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New vortioxetine studies reinforce efficacy in depression

Supports marketing applications from Takeda and Lundbeck

Takeda Lundbeck logos

Takeda and Lundbeck revealed new data from four pivotal trials of their antidepressant candidate vortioxetine over the weekend, although only three of them were positive.

The studies are part of a group of eight trials that have been submitted as part of marketing applications for vortioxetine in the US and Europe, with the overall tally standing at seven positive and one negative trial.

Presenting the new data at the American Psychiatric Association (APA) annual meeting in San Francisco, clinicians noted that three studies met the objective of a statistically significant improvement in overall symptoms of depression, as measured by the Montgomery-Åsberg Depression Rating Scale (MADRS) compared to placebo.

Two of the eight-week studies compared vortioxetine with Lilly's Cymbalta (duloxetine) as an active control alongside placebo. The negative trial result may have been dose-related. It looked at vortioxetine in 10mg and 15mg daily doses, while the three positive trials used the drug at either 15mg or 20mg/day.

"It is important that we continue to seek new options in depression because, even though there are effective treatments available, many patients remain symptomatic," commented Madhukar Trivedi of UT Southwestern Medical Centre in the US, who presented one of the trials at the APA.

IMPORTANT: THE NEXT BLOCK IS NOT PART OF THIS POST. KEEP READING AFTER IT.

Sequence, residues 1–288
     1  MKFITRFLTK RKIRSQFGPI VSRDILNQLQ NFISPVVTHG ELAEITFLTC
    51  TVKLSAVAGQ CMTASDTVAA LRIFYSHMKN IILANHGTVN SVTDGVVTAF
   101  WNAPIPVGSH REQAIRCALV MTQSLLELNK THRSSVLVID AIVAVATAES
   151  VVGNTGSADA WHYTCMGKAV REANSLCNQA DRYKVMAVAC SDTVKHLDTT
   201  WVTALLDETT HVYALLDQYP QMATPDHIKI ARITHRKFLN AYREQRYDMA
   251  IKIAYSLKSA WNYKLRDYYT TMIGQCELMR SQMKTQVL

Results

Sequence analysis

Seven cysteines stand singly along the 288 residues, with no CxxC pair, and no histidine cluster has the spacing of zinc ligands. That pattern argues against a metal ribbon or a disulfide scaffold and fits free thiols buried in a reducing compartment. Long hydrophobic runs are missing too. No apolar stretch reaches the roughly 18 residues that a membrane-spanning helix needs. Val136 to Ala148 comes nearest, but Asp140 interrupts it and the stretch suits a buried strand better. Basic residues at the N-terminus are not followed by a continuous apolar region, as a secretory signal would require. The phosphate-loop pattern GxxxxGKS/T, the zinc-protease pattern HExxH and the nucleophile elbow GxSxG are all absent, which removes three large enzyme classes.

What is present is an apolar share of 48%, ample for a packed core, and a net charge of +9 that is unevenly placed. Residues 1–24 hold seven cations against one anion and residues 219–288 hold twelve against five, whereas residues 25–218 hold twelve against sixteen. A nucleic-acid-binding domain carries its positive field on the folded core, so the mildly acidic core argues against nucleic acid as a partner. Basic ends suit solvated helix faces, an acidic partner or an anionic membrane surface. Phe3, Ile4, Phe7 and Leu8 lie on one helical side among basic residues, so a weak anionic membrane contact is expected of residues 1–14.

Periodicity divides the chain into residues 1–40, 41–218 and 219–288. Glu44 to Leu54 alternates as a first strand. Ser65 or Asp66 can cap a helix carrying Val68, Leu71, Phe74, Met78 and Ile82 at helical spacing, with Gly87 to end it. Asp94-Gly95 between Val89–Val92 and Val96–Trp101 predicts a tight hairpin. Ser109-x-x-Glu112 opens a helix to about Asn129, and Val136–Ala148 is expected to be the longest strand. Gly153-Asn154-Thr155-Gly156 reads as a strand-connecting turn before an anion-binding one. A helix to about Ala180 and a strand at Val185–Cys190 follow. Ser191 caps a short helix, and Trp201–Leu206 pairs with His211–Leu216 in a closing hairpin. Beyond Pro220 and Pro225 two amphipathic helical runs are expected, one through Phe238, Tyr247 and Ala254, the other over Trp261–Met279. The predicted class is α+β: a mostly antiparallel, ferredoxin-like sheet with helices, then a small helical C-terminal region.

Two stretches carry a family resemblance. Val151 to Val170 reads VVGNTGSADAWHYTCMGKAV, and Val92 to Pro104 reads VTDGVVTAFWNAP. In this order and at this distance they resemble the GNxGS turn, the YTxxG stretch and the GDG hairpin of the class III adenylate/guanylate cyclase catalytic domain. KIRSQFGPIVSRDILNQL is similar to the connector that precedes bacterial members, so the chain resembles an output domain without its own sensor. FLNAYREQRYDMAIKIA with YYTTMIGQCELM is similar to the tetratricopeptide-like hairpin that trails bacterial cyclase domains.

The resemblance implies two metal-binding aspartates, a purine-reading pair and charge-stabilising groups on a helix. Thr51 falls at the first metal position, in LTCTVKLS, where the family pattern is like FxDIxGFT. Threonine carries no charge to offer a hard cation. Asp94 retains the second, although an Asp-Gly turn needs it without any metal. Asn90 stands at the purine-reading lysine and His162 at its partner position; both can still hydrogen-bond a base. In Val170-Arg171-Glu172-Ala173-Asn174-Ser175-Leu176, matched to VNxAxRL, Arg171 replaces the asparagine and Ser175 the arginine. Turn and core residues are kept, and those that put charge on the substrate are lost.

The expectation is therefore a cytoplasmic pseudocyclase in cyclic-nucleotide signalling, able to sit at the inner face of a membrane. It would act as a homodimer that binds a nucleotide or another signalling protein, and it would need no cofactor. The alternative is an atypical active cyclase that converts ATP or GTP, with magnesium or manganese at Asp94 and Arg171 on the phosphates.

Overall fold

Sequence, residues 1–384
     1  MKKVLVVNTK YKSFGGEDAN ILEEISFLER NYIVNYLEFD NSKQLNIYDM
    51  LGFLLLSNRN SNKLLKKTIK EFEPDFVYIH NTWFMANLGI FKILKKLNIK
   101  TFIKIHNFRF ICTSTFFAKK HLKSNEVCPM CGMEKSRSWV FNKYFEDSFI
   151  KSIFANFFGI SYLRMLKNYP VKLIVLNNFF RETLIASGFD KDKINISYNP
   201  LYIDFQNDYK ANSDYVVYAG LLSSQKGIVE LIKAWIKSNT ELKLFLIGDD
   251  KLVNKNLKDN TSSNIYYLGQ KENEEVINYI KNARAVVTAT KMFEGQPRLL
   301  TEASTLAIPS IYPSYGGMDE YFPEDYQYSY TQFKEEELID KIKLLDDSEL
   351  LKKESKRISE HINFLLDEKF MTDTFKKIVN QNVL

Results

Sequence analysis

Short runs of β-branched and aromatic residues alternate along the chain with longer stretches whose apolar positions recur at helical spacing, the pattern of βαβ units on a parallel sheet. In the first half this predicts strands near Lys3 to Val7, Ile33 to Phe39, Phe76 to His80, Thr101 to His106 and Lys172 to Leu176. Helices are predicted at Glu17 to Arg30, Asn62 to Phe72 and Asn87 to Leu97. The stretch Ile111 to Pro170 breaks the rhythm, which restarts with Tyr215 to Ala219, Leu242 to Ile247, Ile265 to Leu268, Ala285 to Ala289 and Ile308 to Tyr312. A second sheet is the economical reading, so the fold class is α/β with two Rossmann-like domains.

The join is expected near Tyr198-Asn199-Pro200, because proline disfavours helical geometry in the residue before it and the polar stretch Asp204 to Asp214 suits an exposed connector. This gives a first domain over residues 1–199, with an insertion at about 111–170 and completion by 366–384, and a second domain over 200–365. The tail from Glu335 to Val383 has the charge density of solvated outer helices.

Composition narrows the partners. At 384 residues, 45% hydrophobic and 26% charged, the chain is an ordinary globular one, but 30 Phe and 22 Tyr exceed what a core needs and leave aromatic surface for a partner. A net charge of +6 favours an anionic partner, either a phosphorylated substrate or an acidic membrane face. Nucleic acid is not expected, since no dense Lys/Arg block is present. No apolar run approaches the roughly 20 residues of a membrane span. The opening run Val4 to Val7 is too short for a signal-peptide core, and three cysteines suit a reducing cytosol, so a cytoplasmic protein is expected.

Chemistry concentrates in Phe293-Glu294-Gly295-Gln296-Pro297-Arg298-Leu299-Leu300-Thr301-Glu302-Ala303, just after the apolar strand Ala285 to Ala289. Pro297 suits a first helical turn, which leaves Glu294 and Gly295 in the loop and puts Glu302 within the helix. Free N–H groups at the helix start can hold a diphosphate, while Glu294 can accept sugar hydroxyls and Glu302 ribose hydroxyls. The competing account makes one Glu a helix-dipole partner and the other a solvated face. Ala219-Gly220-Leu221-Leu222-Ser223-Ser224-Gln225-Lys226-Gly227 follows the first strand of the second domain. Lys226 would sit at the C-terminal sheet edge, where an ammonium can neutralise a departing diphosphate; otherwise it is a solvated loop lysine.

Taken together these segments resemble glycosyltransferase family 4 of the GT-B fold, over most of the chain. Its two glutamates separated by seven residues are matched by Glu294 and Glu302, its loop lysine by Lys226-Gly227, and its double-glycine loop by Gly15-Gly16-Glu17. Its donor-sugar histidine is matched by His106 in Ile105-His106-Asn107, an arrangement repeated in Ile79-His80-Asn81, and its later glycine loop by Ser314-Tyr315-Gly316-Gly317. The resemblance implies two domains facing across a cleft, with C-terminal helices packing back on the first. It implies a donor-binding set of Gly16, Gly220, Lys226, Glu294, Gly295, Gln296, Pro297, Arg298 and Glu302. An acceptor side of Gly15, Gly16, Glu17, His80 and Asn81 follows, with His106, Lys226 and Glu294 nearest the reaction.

"I'm encouraged by these data," he said. "They represent an important addition to the broader clinical profile for vortioxetine and support its potential as a new treatment for patients living with major depressive disorder."

Vortioxetine is a key pipeline product for both Takeda and Lundbeck, but arguably more so for the latter as it tries to find replacements for big-selling antidepressant Lexapro/Cipralex (escitalopram) that is starting to lose patent protection. The drug brought in 5.83bn Danish kroner (more than $1bn) for the company last year, accounting for almost 40 per cent of its total turnover.

The drug is described as a "multimodal" antidepressant, with a new mode of action that could mean it is effective in patients who do not respond well to current drugs. It acts as a serotonin 5-HT3 and 5-HT7 receptor antagonist, a 5-HT1b receptor partial agonist, a 5-HT1a receptor agonist and an inhibitor of the serotonin transporter SERT.

Analysts have previously suggested that vortioxetine (which has the proposed trade name Brintellix) could achieve sales of $500m within three years of launch, rising to $1.5bn-plus at peak.

20th May 2013

From: Research



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